Tags, Metrics and Advanced Search

The Advanced Search page allows searching by taxonomic group, geological age and citation details and can return lists of species with or without images and citations.

To allow searching by morphological criteria we have now added a large database of morphometric data and morphological tags. The coverage for this is nearly complete for the Extant and Cenozoic, but the Mesozoic has not yet been done - and the whole system is still under development (Sept 2017). Feedback is very welcome (you can use the forum page).

Tags for a species (Futyania petalosa) on a species page.

Using advanced search - some advice

Tag and metrics options as they appear on the advanced search page, along with the search summary

Taxonomic criteria

Within the database the full hierarchy of parent taxa is stored for each taxon - e.g. "Syracosphaerales/Rhabdosphaeraceae/Cyrtosphaera/Cyrtosphaera aculeata". The Within taxa search option allows you to search this and so find e.g all taxa belonging to the Rhabdosphaeraceae.

Likewise the full formal taxonomic citation [e.g. Cyrtosphaera aculeata (Kamptner 1941) Kleijne, 1992] is stored in one database field and can be searched using the Citation includes option. You can use this to e.g. find taxa described by a particular author.


The primary data here are

It should be noted that the metrics are at this stage a rather rapidly produced compilation and need review and update. The objective would be for the range estimates to encompass the vast majority of species but exclude rare exceptionally small or large specimens (top/bottom 5%). In practice the estimates are probably skewed toward larger specimeens as these are most often illustrated, especially in LM. In some case range-estimates have been extended to give likely range without any direct evidence (e.g if an original author quoted a size range of 9-10µm this may have been extended to 8-11µm, this is noted in the source notes as "range extended").

On the Advanced Search page sliders are used to constrain the search to taxa of particular size ranges.


Tags are descriptive terms for an aspect of the morphology. They are designed to allow searches such as for "elliptical coccoliths with a cross in the central-area ". To build up the tags and to help users find them they are classified into tagsets covering different aspects of coccolith morphology. Each taxon may have several tags in a tagset, or indeed none. So this is not a classic character matrix, but there is so much variation been taxa that it was not possible to produce a single simple matrix and this scheme was the simplest one we could devise.

On the Advanced Search page dropdown menus are used to constrain the search to taxa which have been tagged with particular tags.

Tags for the main part of the lith Tags for the central-area and process Tags for the coccosphere Tags for crystallography/appearance in cross-polarised light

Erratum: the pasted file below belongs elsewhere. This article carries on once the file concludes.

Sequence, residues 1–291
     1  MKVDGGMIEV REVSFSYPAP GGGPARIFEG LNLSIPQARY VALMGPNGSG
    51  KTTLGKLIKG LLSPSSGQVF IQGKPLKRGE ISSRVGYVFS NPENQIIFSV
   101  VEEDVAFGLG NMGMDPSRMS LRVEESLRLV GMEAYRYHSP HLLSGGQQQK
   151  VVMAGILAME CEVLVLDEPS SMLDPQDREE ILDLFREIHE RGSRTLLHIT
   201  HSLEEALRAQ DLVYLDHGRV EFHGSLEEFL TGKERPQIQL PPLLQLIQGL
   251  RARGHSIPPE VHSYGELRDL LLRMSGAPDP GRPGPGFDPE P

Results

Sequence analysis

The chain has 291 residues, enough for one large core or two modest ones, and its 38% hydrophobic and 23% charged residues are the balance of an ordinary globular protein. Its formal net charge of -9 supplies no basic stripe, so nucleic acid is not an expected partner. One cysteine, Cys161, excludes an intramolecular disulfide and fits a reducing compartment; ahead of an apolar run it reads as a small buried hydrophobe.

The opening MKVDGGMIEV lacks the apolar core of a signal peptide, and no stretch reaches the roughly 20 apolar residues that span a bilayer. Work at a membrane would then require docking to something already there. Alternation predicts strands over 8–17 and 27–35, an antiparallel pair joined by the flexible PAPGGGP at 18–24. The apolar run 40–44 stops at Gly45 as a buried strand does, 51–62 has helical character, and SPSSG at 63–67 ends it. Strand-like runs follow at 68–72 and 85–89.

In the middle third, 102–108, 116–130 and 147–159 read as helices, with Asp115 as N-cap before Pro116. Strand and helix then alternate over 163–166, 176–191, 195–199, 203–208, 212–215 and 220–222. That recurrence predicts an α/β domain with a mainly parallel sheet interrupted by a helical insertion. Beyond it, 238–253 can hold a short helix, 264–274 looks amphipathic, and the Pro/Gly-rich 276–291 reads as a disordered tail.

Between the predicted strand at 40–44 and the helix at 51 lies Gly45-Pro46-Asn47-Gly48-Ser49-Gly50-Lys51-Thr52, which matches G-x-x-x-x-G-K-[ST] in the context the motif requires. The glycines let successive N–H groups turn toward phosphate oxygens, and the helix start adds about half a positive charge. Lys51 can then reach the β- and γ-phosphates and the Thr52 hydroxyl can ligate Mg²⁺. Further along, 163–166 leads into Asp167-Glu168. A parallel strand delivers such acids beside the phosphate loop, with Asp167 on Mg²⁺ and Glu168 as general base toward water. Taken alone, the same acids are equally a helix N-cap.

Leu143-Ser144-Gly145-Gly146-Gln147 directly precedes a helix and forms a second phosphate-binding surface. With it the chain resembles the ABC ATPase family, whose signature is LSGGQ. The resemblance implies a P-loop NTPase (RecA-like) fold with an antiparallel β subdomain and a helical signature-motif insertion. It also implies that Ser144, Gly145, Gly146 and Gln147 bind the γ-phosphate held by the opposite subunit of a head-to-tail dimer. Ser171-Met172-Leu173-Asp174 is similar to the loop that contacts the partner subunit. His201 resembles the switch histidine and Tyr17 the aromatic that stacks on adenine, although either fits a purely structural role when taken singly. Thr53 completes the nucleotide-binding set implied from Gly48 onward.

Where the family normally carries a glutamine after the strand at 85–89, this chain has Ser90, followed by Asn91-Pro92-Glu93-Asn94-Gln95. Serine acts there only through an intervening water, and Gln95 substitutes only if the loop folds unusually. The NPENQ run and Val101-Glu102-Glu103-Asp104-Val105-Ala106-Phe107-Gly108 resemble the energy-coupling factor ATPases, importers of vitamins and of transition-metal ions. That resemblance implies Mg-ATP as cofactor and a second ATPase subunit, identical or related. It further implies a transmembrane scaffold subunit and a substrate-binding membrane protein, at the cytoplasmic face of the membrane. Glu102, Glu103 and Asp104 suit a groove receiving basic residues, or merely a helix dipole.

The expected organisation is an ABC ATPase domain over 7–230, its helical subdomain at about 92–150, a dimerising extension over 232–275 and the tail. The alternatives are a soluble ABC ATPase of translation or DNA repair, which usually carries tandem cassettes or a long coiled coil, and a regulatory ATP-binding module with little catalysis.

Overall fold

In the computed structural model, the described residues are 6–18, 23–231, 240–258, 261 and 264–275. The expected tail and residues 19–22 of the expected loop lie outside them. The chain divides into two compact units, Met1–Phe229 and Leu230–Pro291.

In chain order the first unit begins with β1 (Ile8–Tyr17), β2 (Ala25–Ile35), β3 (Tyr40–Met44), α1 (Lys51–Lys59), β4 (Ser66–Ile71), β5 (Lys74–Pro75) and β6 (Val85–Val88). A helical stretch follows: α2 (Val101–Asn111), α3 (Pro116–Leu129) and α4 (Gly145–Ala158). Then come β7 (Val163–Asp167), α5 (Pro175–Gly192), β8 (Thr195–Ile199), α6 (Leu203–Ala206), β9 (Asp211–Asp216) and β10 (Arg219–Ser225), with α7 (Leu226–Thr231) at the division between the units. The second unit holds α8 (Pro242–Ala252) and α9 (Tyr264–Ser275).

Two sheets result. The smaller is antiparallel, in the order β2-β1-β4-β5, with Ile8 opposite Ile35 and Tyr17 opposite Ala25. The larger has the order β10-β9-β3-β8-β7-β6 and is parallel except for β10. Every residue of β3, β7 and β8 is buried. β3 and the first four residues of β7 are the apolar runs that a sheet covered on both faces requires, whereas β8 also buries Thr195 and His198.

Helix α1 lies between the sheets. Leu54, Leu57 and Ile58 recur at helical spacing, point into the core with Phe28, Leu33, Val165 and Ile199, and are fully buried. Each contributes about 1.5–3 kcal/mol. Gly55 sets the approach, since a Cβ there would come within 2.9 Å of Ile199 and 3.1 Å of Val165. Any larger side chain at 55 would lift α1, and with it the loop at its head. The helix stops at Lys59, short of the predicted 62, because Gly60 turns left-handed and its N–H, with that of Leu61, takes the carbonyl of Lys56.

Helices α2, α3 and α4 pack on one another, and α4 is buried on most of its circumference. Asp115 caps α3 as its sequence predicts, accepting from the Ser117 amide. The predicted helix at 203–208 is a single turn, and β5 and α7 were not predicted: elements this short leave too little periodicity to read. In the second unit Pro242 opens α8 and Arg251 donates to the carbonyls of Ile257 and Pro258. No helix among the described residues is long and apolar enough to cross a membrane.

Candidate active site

Further explanation. Notes have been given described explaining each tag and tagsets. These are included on the Advanced Search page as tooltips - i.e. if you hover over the text then after a slight delay a little box will appear explaining the term - like this. For more explanation of the terms see the Young et al. 2003 Terminology Guide, on the INA website and via the Links Menu. In principle a tag should be present for all species it could apply to and if not this is indicated (E.g. "disk-like" is applied only to holococcoliths).

example of a tooltip - short explanations like this are available for every term.

Tags as a summary of morphology

Taken together the tags provide a sort of summary of the morphology. However, this is essentially accidental and does not always work, for various reasons. First, morphological characters only shown by one or two species are generally excluded, even though they may be important and distinctive. This proved necessary in order to keep the total number of tags reasonable. Second, qualitative characters based on e.g. the relative size of structures have mostly been avoided since they are ambiguous, even though they are often important parts of species definitions. Third, the tags often overlap, e.g. a taxon may have tags for both cross and axial-cross, because either term might be searched for. Or it may have plan_view_tags such both elliptical and circular outline (since specimens may show both). Indeed tags can even seem contradictory - for instance many taxa are tagged as have the central-area both vacant and with a grill - this is because they have delicate grills which are are often missing so a user might reasonably search either for grill or vacant depending on the preservation and means of observation. So, remember tags are designed primarily for searching and the tagset may seem like an odd description of the taxon.

Likewise the tags are not designed as an identification key. In some cases it is possible to identify a species purely from its tags but more often a search will recover a range of possibilities and tags are meant to include all species which might fit. For example all Lophodolithus species have almost the same tags

Development and feedback

The tags, and metrics, have been compiled for this website and are not well-tested. This has been a major effort; there are 15,000 tags in the database and 4160 metrics and here are almost certainly numerous mistakes, omissions and imperfections in the data. If you find it useful please do review the data on taxa you know and send us suggestions for corrections. Any feedback on use of the system would also be appreciated. This can be done as comments on individual taxon pages, as comments on the forum page or by email to jeremy.young@ucl.ac.uk. Likewise the next project needs to be to develop tags and metrics for the Mesozoic taxa and assistance in doing this would be useful.